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    Legislators target Dominion donationsSen. Petersen: We need Youngkin to join effort to end Dominion campaign donations (copy)


    January 26, 2022 - PATRICK WILSONRichmond Times-Dispatch

     

      A state senator who's tried for years to scale down Dominion Energy's influence in the state Capitol called on Gov. Glenn Youngkin on Monday to join the effort, saying lawmakers need the new governor's support if they're going to pass the legislation.

      "We need the new governor to speak out on this issue," said Sen. Chap Petersen, D-Fairfax City. "I can get a portion of my caucus. I can't get them all. I certainly can't get the ones that are more senior in leadership. ... The commonwealth needs the new governor to take a firm stand on this issue."

      Petersen held a news conference with Del. Lee Ware, R-Powhatan, on Monday to discuss legislation they have filed that would prohibit campaign contributions from any public utility.

      The issue: The General Assembly writes laws that regulate Dominion, a monopoly and the state's largest electric utility. Dominion is among the largest campaign donors to lawmakers, and those laws they write generally favor the utility's bottom line.

      Last year, Dominion was able to keep hundreds of millions above a fair profit following a review of its finances, rather than return it to customers.

      Ware said he thinks the bill has a good chance of passing in the House, where Republicans have a 52-48 edge. "This is about ratepayers. At the bottom line, we are concerned for the ratepayers."

      Adding to the chances something could pass this year, he said, was Dominion's $250,000 in funding to a secretive federal political action committee last fall that funded misleading attacks on Youngkin. The ads were meant to undercut Youngkin with his Republican base by painting him as weak on the Second Amendment.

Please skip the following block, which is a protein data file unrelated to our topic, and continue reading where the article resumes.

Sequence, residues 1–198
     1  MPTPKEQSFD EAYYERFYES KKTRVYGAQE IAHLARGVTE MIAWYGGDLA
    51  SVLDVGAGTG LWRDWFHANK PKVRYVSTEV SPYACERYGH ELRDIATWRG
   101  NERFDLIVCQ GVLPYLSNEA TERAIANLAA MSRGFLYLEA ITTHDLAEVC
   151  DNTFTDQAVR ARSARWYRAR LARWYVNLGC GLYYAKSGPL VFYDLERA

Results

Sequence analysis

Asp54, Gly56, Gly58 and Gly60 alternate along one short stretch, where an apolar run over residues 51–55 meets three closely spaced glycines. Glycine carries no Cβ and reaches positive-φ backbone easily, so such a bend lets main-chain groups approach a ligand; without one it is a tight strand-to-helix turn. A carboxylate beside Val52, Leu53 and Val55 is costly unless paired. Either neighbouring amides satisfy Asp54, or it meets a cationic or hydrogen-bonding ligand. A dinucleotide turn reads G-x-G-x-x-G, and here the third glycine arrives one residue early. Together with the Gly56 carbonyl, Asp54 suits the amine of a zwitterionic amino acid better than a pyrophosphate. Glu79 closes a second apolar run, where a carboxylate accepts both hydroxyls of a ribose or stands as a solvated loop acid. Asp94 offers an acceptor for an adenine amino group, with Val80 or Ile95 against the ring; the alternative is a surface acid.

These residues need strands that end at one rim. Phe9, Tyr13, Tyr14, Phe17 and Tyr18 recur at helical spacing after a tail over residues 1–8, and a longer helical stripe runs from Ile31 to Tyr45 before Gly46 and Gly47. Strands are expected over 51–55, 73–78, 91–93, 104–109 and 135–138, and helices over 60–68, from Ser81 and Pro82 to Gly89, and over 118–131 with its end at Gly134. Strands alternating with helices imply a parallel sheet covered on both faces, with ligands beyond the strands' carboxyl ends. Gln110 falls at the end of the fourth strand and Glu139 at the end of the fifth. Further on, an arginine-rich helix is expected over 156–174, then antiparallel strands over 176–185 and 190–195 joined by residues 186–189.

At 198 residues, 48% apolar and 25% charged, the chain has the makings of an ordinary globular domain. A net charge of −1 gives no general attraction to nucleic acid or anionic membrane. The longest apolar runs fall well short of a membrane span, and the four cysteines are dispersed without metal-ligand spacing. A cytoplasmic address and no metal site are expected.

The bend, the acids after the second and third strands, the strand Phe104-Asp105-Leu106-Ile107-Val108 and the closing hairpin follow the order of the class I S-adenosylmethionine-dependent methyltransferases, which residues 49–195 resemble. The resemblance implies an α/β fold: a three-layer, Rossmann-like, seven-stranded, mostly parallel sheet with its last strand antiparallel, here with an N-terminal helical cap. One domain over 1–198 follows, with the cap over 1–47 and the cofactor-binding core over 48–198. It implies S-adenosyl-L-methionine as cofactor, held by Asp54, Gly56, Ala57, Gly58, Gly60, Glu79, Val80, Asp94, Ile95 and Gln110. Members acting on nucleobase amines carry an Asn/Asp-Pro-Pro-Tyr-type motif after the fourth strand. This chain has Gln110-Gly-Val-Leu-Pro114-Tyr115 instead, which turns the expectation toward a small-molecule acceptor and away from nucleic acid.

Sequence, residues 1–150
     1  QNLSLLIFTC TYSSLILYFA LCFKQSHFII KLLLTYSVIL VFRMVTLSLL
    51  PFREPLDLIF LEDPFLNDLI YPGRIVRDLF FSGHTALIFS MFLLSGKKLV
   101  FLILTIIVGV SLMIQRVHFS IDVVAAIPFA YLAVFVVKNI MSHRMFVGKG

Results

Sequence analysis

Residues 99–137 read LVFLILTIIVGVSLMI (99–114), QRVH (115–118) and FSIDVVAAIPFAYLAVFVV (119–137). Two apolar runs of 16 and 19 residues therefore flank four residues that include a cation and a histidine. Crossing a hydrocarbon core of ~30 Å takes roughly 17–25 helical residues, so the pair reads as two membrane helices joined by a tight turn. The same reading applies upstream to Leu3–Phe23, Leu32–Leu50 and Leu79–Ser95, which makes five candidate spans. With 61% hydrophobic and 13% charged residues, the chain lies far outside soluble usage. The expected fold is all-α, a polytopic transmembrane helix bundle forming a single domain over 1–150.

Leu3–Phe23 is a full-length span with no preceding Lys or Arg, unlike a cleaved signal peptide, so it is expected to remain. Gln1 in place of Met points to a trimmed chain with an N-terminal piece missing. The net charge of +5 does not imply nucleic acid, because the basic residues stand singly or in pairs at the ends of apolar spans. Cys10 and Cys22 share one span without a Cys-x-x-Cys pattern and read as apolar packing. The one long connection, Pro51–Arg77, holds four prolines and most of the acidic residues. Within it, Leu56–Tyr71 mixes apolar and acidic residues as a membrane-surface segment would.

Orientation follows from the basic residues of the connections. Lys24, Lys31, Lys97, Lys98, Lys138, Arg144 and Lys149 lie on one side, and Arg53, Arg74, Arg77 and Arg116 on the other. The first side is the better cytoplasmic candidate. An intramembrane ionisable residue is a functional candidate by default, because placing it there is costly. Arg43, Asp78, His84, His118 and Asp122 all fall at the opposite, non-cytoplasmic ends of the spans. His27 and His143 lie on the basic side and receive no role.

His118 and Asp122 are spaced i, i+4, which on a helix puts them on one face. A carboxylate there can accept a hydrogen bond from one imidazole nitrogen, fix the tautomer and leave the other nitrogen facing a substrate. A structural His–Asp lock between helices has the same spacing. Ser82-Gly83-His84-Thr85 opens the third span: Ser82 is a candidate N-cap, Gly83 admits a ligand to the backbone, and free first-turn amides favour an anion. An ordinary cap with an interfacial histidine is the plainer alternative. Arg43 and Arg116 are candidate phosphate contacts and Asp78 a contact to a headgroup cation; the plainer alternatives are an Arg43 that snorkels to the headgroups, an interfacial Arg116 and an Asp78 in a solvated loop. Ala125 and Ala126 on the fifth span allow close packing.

Dominion CEO Bob Blue apologized last year and said the company failed to properly vet the PAC, while Youngkin attacked the utility's assistance of his Democratic opponent, Terry McAuliffe.

      On Monday, the nonprofit Virginia Public Access Project posted Federal Election Commission data showing all the donors to the anti-Youngkin PAC, called "Accountability Virginia."

      In addition to money from the Dominion PAC, Accountability Virginia received personal donations from Blue ($10,000), Dominion President Ed Baine ($5,000), Dominion general counsel Carlos Brown ($5,000) and Bill Murray ($7,500), the utility's head lobbyist.

      Dominion donated $50,000 to Youngkin's inauguration committee in December.

      As for the legislation from Petersen and Ware, Dominion spokesman Rayhan Daudani said on Monday: "Campaign finance laws should apply to all equally."

      A state filing by Dominion's PAC last year showed the utility had given $200,000 to the PAC between July 1 and Sept. 30. A new federal filing by the PAC also showed an additional $50,000 donation from Dominion to Accountability Virginia, received on Oct. 15, bringing the utility's total contribution to $250,000.

      Sen. David Suetterlein, R-Roanoke County, unloaded on the utility in a speech on the state Senate floor on Monday.

      "I said at the time that we needed to change disclosure policies in Virginia because we would not know exactly what was done until after the next governor was inaugurated," he said.

      Suetterlein said Dominion's leadership should have known in September what was happening with its money, and noted that the personal donations from its executives came right around the time Blue was apologizing and saying Dominion wanted its money back from the PAC.

      "I know those folks are sophisticated enough that they knew how to cancel a check between Oct. 16 and Oct. 18. There's no excuse ... we need more disclosure in this commonwealth," he said.

      Daudani said Dominion's last donation was made electronically on Oct. 12. "We did try and put a stop payment after the fact, but the transaction was complete."

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